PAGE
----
2. Build a shortlist of great freelance writers
In your job post, or whenever you contact a writer, you’ll want three pieces of information: rates, portfolio, and availability.
I recommend asking for a rate in USD per word, even if you’ll pay per project or use a different currency. This is standard in the industry and makes it easy to compare writers.
Next, you’ll want a portfolio. Any good writer will have at least a few pieces they’ve written. I’ll typically ask for three to five pieces. They can be published or just on a personal blog—what matters is the content, not the publication.
And finally, availability. It’s easier to work with one or two freelancers who write a lot than splitting up work amongst a team. Most freelancers will be able to write 1,000–3,000 words per week for each client, around one to three articles.
With this information, you’ll build a shortlist of writers.
Eliminate any writers with a rate you can’t afford or that seems suspiciously low. Most writers will pitch a rate of between $0.10/word and $0.25/word. Anything below $0.10/word is suspicious, and the upper limit depends on your budget.
Next, review every portfolio piece and select the best. This is my least favorite part, but it’s also the most important. A writer’s portfolio contains what they consider their best work, and they’ll likely never write something better than what’s there.
You should also run plagiarism checks on portfolio work, especially anything self-published. I’ve tested every popular plagiarism checker on the market, and Copyleaks outperforms them all. It has a free plan for 5,000 words a month.
Finally, use availability to find writers that will fit your needs.
By now, you should have a shortlist of three to ten writers. If you have more than that, review portfolio pieces more closely—you’ll notice more the second time around.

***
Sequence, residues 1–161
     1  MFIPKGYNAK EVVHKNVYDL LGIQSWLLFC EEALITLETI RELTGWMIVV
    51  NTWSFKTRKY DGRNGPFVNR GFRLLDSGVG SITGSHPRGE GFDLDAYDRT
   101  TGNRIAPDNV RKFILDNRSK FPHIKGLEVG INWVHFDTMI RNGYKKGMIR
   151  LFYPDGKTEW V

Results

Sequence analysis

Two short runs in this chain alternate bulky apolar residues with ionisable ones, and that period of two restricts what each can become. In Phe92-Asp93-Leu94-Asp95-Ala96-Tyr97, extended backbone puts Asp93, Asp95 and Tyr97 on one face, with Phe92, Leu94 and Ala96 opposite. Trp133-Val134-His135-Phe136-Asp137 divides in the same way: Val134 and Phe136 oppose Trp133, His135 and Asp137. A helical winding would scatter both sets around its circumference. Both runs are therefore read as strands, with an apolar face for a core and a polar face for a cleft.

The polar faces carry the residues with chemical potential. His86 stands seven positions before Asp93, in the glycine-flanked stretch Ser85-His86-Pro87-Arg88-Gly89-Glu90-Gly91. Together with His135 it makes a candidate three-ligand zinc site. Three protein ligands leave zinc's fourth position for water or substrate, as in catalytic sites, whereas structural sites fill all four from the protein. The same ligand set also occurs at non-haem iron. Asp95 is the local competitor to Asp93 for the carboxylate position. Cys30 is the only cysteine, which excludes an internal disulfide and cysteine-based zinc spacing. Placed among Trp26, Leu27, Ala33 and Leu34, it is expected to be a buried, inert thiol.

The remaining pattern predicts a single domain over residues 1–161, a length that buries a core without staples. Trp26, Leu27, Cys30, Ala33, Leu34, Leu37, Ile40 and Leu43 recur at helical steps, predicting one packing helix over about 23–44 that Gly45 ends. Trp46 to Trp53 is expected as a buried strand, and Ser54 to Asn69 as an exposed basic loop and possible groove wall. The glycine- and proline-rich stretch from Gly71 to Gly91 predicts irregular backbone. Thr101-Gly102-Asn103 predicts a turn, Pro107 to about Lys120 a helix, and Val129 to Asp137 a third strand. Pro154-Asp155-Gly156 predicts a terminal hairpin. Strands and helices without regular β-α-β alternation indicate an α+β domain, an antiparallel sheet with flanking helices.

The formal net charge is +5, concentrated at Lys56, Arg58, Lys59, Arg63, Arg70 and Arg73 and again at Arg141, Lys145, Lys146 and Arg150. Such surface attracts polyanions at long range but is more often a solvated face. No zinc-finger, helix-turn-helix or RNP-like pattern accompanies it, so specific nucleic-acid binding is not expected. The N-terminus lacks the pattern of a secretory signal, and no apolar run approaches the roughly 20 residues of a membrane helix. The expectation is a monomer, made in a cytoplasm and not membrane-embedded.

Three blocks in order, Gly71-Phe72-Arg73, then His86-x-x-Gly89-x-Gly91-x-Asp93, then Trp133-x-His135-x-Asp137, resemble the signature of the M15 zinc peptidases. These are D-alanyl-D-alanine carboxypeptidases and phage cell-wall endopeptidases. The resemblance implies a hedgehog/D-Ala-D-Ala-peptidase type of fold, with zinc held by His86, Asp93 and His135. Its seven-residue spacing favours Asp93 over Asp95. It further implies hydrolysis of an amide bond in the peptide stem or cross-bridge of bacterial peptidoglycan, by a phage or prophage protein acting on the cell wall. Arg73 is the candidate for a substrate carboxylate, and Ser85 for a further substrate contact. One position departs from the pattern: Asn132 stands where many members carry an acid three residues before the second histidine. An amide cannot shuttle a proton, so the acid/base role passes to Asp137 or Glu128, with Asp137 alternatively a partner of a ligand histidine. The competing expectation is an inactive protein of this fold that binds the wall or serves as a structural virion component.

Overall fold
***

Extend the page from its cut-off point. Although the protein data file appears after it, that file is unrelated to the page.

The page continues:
3. Provide a test piece to writers on your shortlist
Portfolios provide a window into the writer’s ability. But they can’t answer important questions, like:
- Is the writer easy to work with?
- Can they meet deadlines?
- Can they follow directions?
The test piece helps us answer these questions.
You’ll assign a piece that’s typical of ongoing work. Be as clear as possible with instructions and give a clear deadline.
Also, clarify payment terms up front. There are four methods:
- Zero payment
- Below-market pay
- Full payment only if published
- Guaranteed full payment
Some publishers think zero or below-market pay is sneaky because they’ll get a “free” or “discount” piece out of the deal. But you tend to get desperate writers.
The most common option is payment if the piece is published. This lets you off the hook if the first piece doesn’t deliver.
But I prefer option three. As long as the writer does the assignment (even if the final product is unpublishable), they’ll get paid. I prefer this because it starts off the relationship with trust.
It also gets an accurate picture of the writer’s work. With payment at stake, a writer’s first piece might be incredible, so it’s “publishable”—then get worse once they’re guaranteed work.
Based on the test project, you’ll choose your final candidate or two.